Kenyan-based digital trucking startup Amitruck has raised $4 million for regional expansion.
The firm, which has set its sights on Uganda and Tanzania, says it will also use the money to ramp up its technology and bolster its key operations such as sales, engineering, and customer success through hiring of talent.
The seed funding was spearheaded by San Francisco venture capital firm Better Tomorrow Ventures (BTV) and supply chain and mobility venture capital Dynamo Ventures. Others are Sennder GmbH, Rackhouse Ventures, Flexor Inc, Knuru Capital, Launch Africa Ventures and the Uncovered Fund.
“The most important purpose of this round is hiring. We are also improving our technology as we start our expansion into other countries in Africa,” Amitruck founder and chief executive officer Mark Mwangi said.
“We are thrilled about the positive response that Amitruck has received from cargo owners and transporters alike. Transport touches on almost every sector of the African economy and is crucial to its development; we are excited to be part of that journey.”
He added: “Thanks to the support from our investors, we look forward to expanding our footprint across Africa and bringing more carriers and shippers to our marketplace.”
Launched in 2019, the firm links shippers with transporters owning vans, trucks, tuk-tuks, pickups and motorbikes, enabling them to negotiate the rates of their services directly with cargo owners through its web or mobile application, bypassing middlemen. This is aimed at fostering transparency and efficiency in transport.
Transporters bid for work on the platform, providing competitive prices, while cargo owners have the advantage of a menu of competitive offers and can choose a transporter based on price, rating and experience.
The company currently has more than 300 business-to-business (B2B) clients, including big multinationals such as L’Oréal, Unilever, Twiga Foods and SkyGarden. It boasts about 8,000 vehicles, which have undertaken almost 100,000 deliveries in two years.
The tech startup is now focused on a bigger share of Africa trucking and logistics market, which accounts for almost 80 per cent of transported goods
“Amitruck connects shippers directly with transporters and provides a platform where you can get secure competitively prices transport,” Mr Mwangi stated.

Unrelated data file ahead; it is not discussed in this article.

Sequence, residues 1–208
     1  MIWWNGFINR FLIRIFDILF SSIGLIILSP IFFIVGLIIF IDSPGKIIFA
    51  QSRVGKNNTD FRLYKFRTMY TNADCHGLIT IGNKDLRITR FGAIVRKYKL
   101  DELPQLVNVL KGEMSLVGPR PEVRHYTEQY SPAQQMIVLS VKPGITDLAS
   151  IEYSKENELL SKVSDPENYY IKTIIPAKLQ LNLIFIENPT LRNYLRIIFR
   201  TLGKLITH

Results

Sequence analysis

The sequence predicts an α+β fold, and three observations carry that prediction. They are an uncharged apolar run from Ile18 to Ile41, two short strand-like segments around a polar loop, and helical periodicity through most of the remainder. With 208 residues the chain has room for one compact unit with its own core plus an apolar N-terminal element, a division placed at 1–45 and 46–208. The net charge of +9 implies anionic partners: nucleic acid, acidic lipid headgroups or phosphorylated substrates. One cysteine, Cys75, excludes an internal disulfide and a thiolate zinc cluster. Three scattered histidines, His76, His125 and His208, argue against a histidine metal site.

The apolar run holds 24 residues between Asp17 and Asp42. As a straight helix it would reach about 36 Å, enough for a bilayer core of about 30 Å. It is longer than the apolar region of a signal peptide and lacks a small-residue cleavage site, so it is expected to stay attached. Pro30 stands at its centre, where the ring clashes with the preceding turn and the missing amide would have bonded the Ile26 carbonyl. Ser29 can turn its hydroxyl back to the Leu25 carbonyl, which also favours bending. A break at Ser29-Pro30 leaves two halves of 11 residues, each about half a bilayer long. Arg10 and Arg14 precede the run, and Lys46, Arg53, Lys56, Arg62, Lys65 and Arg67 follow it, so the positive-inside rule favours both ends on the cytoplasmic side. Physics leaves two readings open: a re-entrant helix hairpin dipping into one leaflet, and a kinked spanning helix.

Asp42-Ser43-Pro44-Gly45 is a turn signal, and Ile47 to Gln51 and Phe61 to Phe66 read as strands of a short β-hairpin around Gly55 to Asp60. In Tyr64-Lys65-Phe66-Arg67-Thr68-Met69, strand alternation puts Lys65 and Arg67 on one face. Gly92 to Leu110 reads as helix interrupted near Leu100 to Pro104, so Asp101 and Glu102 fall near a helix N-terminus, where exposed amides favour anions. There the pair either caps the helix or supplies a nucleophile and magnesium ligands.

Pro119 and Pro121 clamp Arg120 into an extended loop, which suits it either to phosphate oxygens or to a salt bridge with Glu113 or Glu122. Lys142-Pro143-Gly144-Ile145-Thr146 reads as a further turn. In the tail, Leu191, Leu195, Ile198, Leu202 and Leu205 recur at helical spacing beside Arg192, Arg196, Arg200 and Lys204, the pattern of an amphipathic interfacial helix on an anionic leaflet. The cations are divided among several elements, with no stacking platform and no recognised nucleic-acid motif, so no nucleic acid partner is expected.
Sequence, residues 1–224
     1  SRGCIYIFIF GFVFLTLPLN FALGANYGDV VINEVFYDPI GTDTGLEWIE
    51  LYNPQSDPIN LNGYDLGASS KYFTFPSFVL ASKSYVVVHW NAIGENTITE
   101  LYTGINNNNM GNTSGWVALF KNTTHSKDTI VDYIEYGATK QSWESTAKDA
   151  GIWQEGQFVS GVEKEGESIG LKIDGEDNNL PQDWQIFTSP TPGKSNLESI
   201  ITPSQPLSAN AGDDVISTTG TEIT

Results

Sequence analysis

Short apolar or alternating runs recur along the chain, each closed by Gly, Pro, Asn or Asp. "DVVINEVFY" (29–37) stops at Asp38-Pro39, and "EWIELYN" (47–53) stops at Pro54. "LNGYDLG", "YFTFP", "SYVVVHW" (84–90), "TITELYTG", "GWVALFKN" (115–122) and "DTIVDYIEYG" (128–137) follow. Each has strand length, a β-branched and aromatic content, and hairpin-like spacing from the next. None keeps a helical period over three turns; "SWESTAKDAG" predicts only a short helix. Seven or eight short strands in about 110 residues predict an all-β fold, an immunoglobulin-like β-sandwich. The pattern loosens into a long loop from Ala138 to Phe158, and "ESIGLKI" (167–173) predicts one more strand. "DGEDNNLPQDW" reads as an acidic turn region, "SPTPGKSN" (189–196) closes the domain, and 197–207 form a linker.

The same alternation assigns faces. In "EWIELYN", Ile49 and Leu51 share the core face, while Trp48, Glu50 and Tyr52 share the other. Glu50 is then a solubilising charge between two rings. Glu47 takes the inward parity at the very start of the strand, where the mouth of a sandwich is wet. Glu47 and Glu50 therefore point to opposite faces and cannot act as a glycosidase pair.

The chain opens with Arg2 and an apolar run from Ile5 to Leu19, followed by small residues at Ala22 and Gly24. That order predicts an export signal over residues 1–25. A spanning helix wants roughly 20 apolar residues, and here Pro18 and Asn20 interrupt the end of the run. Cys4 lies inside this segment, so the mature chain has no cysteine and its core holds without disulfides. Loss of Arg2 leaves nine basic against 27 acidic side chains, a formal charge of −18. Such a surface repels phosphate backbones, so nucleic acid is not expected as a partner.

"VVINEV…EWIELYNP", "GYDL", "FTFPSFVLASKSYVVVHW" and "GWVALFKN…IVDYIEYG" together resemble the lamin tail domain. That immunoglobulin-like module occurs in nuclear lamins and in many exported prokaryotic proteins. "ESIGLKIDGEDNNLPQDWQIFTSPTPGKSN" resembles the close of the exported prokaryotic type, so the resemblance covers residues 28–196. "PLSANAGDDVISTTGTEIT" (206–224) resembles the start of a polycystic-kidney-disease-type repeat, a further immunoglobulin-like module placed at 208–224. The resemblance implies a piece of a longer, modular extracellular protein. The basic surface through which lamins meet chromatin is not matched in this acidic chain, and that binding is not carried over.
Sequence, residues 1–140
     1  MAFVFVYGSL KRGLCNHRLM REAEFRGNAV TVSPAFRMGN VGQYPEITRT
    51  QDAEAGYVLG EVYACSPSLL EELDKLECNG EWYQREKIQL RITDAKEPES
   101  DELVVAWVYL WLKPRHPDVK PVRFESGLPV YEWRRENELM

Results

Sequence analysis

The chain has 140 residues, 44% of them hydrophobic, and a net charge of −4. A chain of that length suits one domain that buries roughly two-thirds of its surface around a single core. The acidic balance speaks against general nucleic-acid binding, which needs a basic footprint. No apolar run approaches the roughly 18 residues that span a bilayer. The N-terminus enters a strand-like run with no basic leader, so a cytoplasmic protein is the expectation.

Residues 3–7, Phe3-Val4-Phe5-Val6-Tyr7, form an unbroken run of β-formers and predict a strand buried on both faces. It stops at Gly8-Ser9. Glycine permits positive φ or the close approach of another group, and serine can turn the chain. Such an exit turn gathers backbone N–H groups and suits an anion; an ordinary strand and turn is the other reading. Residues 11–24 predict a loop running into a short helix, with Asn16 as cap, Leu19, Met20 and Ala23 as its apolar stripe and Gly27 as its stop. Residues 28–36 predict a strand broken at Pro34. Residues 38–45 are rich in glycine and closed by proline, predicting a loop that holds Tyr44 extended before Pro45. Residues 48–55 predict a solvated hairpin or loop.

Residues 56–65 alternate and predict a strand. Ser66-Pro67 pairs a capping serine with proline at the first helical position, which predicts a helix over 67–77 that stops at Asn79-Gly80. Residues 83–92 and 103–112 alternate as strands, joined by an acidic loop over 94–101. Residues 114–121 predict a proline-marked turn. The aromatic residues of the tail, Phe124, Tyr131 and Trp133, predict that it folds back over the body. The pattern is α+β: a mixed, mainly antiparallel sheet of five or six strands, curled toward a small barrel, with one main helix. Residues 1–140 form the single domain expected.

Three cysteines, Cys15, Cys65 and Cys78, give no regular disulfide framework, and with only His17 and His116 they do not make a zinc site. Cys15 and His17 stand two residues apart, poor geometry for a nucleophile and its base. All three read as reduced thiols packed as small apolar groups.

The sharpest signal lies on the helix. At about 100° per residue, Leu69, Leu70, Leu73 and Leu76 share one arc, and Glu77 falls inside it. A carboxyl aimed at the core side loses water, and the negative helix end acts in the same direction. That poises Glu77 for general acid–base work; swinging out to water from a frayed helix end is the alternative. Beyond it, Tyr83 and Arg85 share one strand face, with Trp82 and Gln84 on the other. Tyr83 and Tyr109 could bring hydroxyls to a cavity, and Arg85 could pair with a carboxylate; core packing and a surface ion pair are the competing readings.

BTV’s general partner Jake Gibson said Amitruck was selected for investment due to “its high level of innovation and a growing need for its services”.
“As an investor in unicorn CloudTrucks here in the US, we have in-depth knowledge of the operational and financial requirements from truckers,” Mr Gibson noted.
While the trucking and logistic business in Africa has grown tremendously over the years, the pace of innovation particularly in its administration has been slow. Amitruck’s solution is ideal for bringing the industry into the 21st century.”
Venture capital and private equity funds have found Kenya a rich ground for investing in startups in previously underserved and fast-growing sectors of the economy in the past decade.
They are attracted by high returns, although risk is high, with family offices and finance institutions in the west providing them with capital.
Such funds provide local startups and SMEs with the much-needed capital that they would otherwise struggle to get from formal financial institutions such as banks, while also providing technical expertise that the small firms need in order to grow their operations.
This comes at a time when Kenyan startups are securing record fundings from international investors for expansions.
Less than three months ago, agricultural tech start-up Twiga Foods raised Sh5.56 billion from foreign investors such as private equity firm Creadev as well as TLcom, IFC ventures, DOB Equity and Goldman Sachs, among others.
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